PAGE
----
Why Aren't Earth's Oldest Trees Older? | The Institute for Creation Research

Why Aren't Earth's Oldest Trees Older?

The sheer girth of certain ancient, wizened trees can take one’s breath away. Wired Science recently featured a collection of images of some of earth’s oldest trees. Although the age estimates given for these antique specimens vary from a few to tens of thousands of years, the majority of them are consistent with a biblical timeframe for earth history.

Wired Science compiled the images and information on 12 ancient, still-living trees.1 Of these, two are “clonal trees,” which were not seeded but presumably sprouted from underground offshoots of a now-lost original tree. Clonal tree ages are estimated based on presumed rates of outward spreading.

The other ten trees in the series were dated by extrapolating growth estimates back into the past or by counting their tree rings. Tree-ring dating can be done without cutting down the tree by use of a specialized coring device that removes a slender cylinder of wood from the tree’s interior.

Of the trees—which are located around the globe, from Iran to New Zealand, from Chile to Wales, and even Japan—the oldest individual still-living tree is in California. Appropriately nicknamed Methuselah, the hardy bristlecone pine from the dry and salty high elevation of Inyo National Forest is in a protected area to discourage visitors and vandalism.

Wired Science stated that Methuselah was 4,765 years old, but Edmund Schulman, the pioneering scientist in determining the age of trees, dated Methuselah by “cross-dating” (ring-counting) it at 4,789 rings.2 An online gymnosperm database states that this age was most likely determined in 1957, which would make the tree 4,842 years old in 2010.

Why is Methuselah, or any other long-living tree, not a great deal older than this if the earth itself is millions of years old? Indeed, Schulman asked regarding California’s majestic giant sequoias, which he cross-dated at just over three millennia, “Does this mean that shortly preceding 3275 years ago all the then living giant sequoias were wiped out by some catastrophe?”3

And how reliable is cross-dating when a variety of dates can be determined for the same tree? Tree growth rings do not always indicate annual cycles. Factors like weather can cause trees to form multiple rings in one year. In the four seasons of the northern hemisphere, spring growth accounts for a new ring. But tropical trees add a new ring of growth whenever conditions are favorable, which can occur more than once in a year. And although the region of California that hosts bristlecones is arid today, it is possible that during the Ice Age it was much less so.4,5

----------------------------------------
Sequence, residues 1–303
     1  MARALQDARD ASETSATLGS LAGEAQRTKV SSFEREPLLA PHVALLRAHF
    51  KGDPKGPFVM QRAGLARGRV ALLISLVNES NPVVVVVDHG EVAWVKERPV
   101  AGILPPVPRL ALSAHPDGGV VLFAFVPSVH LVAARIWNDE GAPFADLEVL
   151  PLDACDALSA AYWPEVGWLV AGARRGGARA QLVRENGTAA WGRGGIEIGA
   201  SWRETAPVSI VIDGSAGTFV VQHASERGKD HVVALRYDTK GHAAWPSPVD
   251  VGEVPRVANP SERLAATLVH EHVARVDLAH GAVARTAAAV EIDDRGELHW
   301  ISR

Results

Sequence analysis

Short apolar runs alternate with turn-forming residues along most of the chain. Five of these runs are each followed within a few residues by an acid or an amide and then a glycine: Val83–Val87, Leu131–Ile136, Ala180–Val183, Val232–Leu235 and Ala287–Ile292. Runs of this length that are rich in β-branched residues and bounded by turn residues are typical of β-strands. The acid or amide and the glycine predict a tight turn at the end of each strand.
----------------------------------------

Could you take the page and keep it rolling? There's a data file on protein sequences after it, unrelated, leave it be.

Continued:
If Methuselah sprouted at that time, then some of its earlier rings may have formed in only a few years. Another cause of “multiplicity”—when trees build more than one ring per year—is that bristlecone pines have been observed forming a new ring with a simulated mid-season drought.6 Thus, a two-week dry spell followed by watering can cause a tree to shut down and then re-establish growth, mimicking a “winter” season’s ring.

So, cross-dating requires making assumptions about the past, as do all historical investigations based on natural processes. Since the main assumption of annual ring growth has been shown to be false in certain cases, this method can only provide an approximate age. The uncertainty of dating even such directly observable phenomena as still-living trees is reflected by the wide date ranges provided for some the trees featured in Wired Science.

While the differences between cross-dated tree ages and biblical chronology can be easily accounted for with ring-generating factors other than seasons, the differences between the trees’ estimated ages and evolutionary time are unbridgeable. The very oldest known tree better fits a biblical age for the earth of thousands, not millions, of years.

References

  1. Ghose, T. The Oldest Trees on the Planet. Wired Science. Posted on wired.com March 17, 2010, accessed April 1, 2010.
  2. Earle, C. J., ed. Pinus longaeva. The Gymnosperm Database. Posted on conifers.org, last updated December 12, 2008, accessed April 1, 2010.
  3. Schulman, E. 1954. Longevity under Adversity in Conifers. Science. 119 (3091): 399.
  4. Lorey, F. 1994. Tree Rings and Biblical Chronology. Acts & Facts. 23: (6).
  5. Vardiman, L. 2008. A Dark and Stormy World. Answers. 3 (4): 80.
  6. Matthews, M. Evidence for multiple ring growth per year in Bristlecone Pines. Journal of Creation. 20 (3): 95-103.

* Mr. Thomas is Science Writer at the Institute for Creation Research.

Article posted on April 12, 2010.

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